Australian investors snap up U.S. homes for cost of a car
These very cheap houses will generally be in predominantly black areas and it was the inability of blacks to pay for their accomodation that was central to the big financial meltdown in the first place. One can only wish the best of luck to the investors concerned
MUM-AND-DAD investors are buying bargain-priced houses in the United States for the cost of a new car.
They are cashing in on a combination of a rising Australian dollar and a depressed US property market which has seen recently built five-bedroom houses in cities such as Atlanta, Georgia, selling for as little as $35,000 - or the price of a new Holden Commodore.
They are also avoiding excessive stamp duty costs on buying property in Australia.
More than 200 people attended a seminar about buying US houses at Adelaide's Hilton Hotel last Monday.
The cheap US prices have seen a surge of Australian agents setting up businesses promising to match buyers in Australia with potential US rental properties.
Vincent Selleck, of 888 US Real Estate, based in NSW, said he had seen a "dramatic increase" in inquiries since the Aussie dollar reached parity with the greenback.
With the dollar reaching a 28-year high of $US1.01 on Thursday, Mr Selleck expected interest to continue climbing.
"Investors are now seeing incredible value buying in America where they can get homes that were $300,000 in 2007 for $35,000 with cash (rental) returns between 15 to 25 per cent net after expenses," he said.
He said most Australian investors were buying houses, townhouses and apartments where "the cash price today is a fraction of their former value or cost of replacement" in the expectation of a US economic recovery and appreciating US dollar over the long term.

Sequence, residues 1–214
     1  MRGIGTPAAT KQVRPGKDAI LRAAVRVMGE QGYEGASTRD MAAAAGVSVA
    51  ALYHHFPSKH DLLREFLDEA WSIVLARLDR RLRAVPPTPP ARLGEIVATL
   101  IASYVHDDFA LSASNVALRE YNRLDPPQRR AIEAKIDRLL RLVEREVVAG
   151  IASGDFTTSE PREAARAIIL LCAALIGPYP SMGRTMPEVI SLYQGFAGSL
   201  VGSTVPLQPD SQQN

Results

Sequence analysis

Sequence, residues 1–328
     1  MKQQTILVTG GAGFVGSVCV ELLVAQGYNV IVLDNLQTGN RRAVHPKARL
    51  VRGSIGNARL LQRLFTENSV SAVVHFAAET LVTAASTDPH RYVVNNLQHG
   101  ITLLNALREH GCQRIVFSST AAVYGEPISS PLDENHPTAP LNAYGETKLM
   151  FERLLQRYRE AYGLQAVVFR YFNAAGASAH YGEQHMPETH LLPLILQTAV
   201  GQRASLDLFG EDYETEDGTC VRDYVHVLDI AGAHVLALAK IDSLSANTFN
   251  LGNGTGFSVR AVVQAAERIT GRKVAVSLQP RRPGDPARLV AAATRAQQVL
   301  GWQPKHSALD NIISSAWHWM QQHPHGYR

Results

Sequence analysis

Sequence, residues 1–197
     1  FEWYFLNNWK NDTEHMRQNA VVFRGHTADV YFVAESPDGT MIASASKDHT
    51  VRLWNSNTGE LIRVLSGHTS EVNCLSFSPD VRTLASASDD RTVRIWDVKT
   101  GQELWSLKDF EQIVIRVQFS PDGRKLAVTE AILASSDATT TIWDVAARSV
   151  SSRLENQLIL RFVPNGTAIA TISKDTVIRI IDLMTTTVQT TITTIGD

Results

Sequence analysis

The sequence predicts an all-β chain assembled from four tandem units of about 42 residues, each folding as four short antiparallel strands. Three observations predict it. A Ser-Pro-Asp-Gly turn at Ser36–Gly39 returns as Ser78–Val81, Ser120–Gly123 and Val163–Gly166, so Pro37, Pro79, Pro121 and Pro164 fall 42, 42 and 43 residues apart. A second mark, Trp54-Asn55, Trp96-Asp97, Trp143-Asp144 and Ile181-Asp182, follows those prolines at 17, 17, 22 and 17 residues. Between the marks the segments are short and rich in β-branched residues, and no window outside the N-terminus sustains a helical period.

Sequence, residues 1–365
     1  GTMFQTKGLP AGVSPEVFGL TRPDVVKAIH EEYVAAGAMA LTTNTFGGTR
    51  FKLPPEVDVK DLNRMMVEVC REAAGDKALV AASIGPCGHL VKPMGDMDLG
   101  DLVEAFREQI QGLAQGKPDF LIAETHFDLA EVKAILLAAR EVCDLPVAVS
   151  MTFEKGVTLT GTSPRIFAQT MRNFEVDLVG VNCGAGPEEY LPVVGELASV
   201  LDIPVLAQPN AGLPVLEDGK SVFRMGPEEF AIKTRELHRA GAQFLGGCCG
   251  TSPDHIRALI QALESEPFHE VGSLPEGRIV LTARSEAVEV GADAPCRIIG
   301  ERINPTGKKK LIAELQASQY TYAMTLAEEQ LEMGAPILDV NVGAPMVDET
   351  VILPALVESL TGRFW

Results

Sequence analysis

While the median Adelaide house price hovers around $400,000, houses in the popular tourist destination of Miami are selling for as little as $14,000.
The US property market devaluation came on the back of the sub-prime credit collapse, which sparked the global financial crisis in late 2008.
One South Australian investor to take advantage of the "great investment opportunities" in the US is Sue Wright who, with husband John, is building a property portfolio to fund their retirement savings.
Mrs Wright said "outrageous" land tax and stamp duty costs in SA encouraged the couple to "capitalise on a perfect storm of conditions" and invest in the US, where property taxes were relatively cheap.
Mrs Wright's first experience investing in the US had encouraged her to look at buying more properties, and she attended this week's seminar at the Hilton Hotel by finance advice firm Knowledge Source.
"We started investing in properties in Adelaide in 2001 and have four now but I've never seen such economic conditions in my lifetime and after our superannuation went backwards we thought investing in the US was such a great opportunity," the 60-year-old said.
The Wrights bought a duplex in South West Florida - each semi-detached having a double garage, three bedrooms and two bathrooms - via an internet based real estate company for $US96,000 ($101,000) in March.
They rent it out for a net $12,300 a year.
"We thought we would sit on it for a few months and see how things panned out, and we have had no trouble with the tenants so now we are looking to invest in more properties," said Mrs Wright, who runs a small painting business.